WSU Tree Fruit Research & Extension Center

Postharvest Information Network

Saturday, March 25, 2017

WSU-TFREC/Postharvest Information Network/An Insurer's Perspective on Postharvest



An Insurer's Perspective on Postharvest


Perspective: Get Control of the Losses

The most common types of claims include the following:

  • Ammonia contamination
  • Storage injury - freezing, carbon dioxide (CO2) exposure
  • Chemical injury - sodium burn
  • Refrigeration breakdown.

Apples in controlled atmosphere (CA) storage suffered ammonia contamination due to a pinhole leak in a weld in the exchange line. The ammonia sensor had been calibrated within 30 days with cal-gas but failed to operate. It was a total loss. The ammonia levels in the CA room measured over 115 ppm when discovered; the computer showed levels of 10 ppm.

Apples were sent to packing from CA, and the Food and Drug Administration (FDA) rejected them for not being up to standard because of brown cores. Selective catalytic reduction (SCR) indicates CO2 exceeded acceptable levels. Rooms were set at historical set points and have not come up to market standards. This seems to have affected last year's crop, which was grown during different weather conditions. We had experienced around 18 of these types of claims the past couple of years. They usually result from wrong set points, stacking too tight, and poor management.

Apples also are burned from sodium or chlorine in the water. Approximately seven claims were linked to failure to purge vats as recommended. There are recommendations for this type of procedure but no set standards, and very few vats have conductivity meters. Levels also vary from the different water sources used.

Overmature fruit claims were linked to the inability to properly place fruit in cold storage. It takes too long to get the fruit in and the room temperature down. Also, others experienced losses when they placed different varieties of apples in the same room, each having their own refrigerator standards.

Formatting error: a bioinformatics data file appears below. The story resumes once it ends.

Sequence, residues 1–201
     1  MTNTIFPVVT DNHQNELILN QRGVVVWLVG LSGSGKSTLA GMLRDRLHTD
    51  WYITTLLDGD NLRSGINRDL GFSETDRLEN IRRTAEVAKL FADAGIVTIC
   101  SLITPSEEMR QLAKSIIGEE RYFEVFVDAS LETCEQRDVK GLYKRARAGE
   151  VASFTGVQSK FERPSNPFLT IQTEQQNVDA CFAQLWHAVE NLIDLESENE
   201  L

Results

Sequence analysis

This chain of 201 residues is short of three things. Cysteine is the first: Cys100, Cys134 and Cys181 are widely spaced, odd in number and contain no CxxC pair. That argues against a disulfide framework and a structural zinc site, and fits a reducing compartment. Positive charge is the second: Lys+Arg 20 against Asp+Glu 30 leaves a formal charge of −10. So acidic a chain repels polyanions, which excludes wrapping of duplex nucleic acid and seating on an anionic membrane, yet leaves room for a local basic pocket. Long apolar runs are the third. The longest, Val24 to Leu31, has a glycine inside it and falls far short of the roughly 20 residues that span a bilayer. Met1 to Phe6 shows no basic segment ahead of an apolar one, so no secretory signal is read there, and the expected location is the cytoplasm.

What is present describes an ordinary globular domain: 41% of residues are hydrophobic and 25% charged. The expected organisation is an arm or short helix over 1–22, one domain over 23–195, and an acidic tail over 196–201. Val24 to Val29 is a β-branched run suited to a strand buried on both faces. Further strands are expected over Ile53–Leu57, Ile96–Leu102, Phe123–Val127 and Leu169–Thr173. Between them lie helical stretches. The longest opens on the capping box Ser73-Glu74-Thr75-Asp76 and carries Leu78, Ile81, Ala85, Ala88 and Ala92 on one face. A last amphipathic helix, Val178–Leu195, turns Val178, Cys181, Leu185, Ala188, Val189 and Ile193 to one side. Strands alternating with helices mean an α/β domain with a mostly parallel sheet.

Reasons for Claims

  • Operator error - lack of training for refrigeration personnel and poor management
  • Mechanical malfunction - detectors malfunction, were inoperable, or never tested
  • Age of equipment, lack of modernization
  • Conditions of fruit - market conditions
  • Lack of knowledge to store new varieties
  • Improper storage techniques

Prevention of Claims

  • Education and training of personnel to monitor and test equipment on a timely basis
  • Monitoring fruit - both by computer and daily visual checks.
  • Outside experts to check equipment annually.
  • Mitigate claims - contact your broker to notify insurer

If It Happens To You - Here's What To Do

Ammonia losses - immediately vent room; don't fix it alone. Remove fruit and wash it as soon as it is safe (30 ppm or lower).

Refrigerator loss - back up compressors; directly contact refrigeration contractor.

Chemical injury - contact the chemical company to test water and water testers. Work with your company's trained staff on various levels of additives and of temperatures.

Storage contracts - prepare ahead if you lease storage. Everyone that leases storage needs to have a contract specifying who insures the fruit. You need to monitor what is happening at the outside storage. Storage contracts will save a lot of problems if everyone agrees before on who is responsible for what.


Future of Industry - Yours and Ours to Continue Insuring

  • Higher deductibles - place more responsibility on management to spend money on updating equipment.
  • Forms may be restructured for coverage with only mechanical breakdown, thus eliminating human error.
  • Forms may be structured to include human error, but with the need to have a fortuitous event (i.e., set the temperature gauge wrong; not that the setting was right, but the fruit was bad).
  • Continued monitoring and revising of detection systems with modern equipment.

Daryl Ferguson

Seabury and Smith
706 N. Chelan Ave.
Wenatchee, WA 98801
daryl.e.ferguson@seabury.com

16th Annual Postharvest Conference, Yakima, WA
March 14-15,  2000

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